Sunday, April 11, 2010

Water Crises in Islamabad

The gap between the available amount of water and its demand has widened to the record level of 100,000 million gallons per day. It has created a crisis-like situation for the Capital Development Authority (CDA), sources told this scribe here on Sunday. 

The light rains brought some kind of relief for civic managers, but they were of the view that only heavy rains could enable them to reduce the gap between demand and supply of drinking water. Sources said that the concerned authorities are on their toes as the available amount of water is 50,000 million gallons per day and demand has risen to 150,000 million gallons per day, ultimately making it impossible to even meet the requirements of half of the residents. 

Sources further said that the dry spell and unending electricity loadshedding have made most tubewells dysfunctional and the civic authority is finding no way to get out of the critical situation. 

Sources said that the level of water in Khanpur Dam has reduced to 30 feet and the situation is not so different with regard to Simli Dam where there is only 32 feet of water.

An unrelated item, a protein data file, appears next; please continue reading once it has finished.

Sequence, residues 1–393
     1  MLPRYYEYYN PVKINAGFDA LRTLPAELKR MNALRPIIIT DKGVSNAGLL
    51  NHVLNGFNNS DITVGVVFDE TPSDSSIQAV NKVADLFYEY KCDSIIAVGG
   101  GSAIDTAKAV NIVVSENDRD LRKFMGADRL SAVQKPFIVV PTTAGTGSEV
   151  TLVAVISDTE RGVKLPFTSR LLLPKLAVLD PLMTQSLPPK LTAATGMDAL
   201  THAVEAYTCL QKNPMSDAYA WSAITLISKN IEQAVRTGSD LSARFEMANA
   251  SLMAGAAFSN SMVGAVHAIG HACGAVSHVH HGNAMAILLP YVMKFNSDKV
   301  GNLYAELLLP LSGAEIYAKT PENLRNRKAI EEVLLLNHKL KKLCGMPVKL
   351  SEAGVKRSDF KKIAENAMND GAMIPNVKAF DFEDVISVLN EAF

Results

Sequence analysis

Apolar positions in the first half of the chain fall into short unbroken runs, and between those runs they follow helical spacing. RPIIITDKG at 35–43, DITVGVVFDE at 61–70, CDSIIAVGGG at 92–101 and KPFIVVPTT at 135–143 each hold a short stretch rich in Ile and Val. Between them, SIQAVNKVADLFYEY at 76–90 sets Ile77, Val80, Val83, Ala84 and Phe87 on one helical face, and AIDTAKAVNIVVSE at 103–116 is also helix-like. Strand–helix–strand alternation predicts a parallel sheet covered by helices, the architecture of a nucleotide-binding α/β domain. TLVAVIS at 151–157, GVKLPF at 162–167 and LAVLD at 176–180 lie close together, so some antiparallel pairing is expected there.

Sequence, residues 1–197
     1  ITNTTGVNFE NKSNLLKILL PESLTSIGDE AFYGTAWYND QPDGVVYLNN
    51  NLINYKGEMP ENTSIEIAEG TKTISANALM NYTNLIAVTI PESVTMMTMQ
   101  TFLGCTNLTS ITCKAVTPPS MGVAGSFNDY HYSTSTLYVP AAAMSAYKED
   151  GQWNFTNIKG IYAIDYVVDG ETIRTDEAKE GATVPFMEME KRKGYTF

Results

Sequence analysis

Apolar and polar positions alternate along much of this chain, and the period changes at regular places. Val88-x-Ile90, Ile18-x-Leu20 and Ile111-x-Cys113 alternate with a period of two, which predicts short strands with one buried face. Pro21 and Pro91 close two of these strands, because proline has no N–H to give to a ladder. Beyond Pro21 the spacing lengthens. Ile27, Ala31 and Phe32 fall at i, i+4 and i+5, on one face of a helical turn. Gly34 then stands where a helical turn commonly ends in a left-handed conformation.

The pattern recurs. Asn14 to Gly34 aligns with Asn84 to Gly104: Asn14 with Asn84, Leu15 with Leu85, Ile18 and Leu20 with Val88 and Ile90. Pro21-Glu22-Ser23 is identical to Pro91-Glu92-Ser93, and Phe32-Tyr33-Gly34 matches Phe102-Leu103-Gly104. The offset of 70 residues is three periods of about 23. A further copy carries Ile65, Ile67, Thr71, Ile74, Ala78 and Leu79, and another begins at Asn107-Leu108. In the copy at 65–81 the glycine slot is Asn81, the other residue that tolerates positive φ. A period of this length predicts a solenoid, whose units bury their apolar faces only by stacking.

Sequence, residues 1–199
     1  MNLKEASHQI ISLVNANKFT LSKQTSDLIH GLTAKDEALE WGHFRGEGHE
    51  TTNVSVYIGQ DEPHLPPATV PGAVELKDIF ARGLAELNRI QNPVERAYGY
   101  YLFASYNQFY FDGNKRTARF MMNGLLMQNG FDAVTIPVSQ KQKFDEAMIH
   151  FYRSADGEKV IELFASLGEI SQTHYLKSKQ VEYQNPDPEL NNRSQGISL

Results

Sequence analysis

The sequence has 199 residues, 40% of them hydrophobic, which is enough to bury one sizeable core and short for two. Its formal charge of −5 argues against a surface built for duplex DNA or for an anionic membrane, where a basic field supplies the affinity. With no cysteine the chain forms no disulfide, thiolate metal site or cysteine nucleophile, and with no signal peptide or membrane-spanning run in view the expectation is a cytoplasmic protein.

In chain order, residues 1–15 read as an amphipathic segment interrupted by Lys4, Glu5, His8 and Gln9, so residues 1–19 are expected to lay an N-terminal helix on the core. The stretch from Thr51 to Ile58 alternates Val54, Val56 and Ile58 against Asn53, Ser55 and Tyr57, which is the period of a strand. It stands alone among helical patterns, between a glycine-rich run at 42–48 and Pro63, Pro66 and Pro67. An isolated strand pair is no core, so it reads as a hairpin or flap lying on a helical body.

The most badly affected areas where supply of tapped water has reduced to the lowest level include sectors G-6, G-7, G-8, G-9 and I-10.

When contacted, CDA Director General (Water Management) Sanaullah Aman said: “It can be rightly said that we are facing severe difficulties to cope with the situation as the gap between available water and demand has jumped up to an unprecedented level. Rains can recharge the waterbeds in the catchments areas so the situation is unlikely to change unless there are more rains in the coming weeks. But we are trying to manage within available amount of water.” 

Referring to increase in power loadshedding, he said that the situation has further worsened, as they cannot utilise the full strength of their tubewells due to unavailability of electricity for hours. “Now we have paid a handsome amount to the Islamabad Electric Supply Company (Iesco) for installation of express feeder that would enable us to operate 30 tubewells without any interruption,” he said. 

Sanaullah Aman said that control rooms and inquiry centres are working round the clock and all available tankers are supplying water on the basis of complaints filed by residents in their respective complaint centres.

He said that an international firm has been given the task to ensure safe and clean drinking water at filtration plants in line with the World Health Organisation standards, adding that the decision was taken after surfacing of complaints about quality of water at filtration plants.

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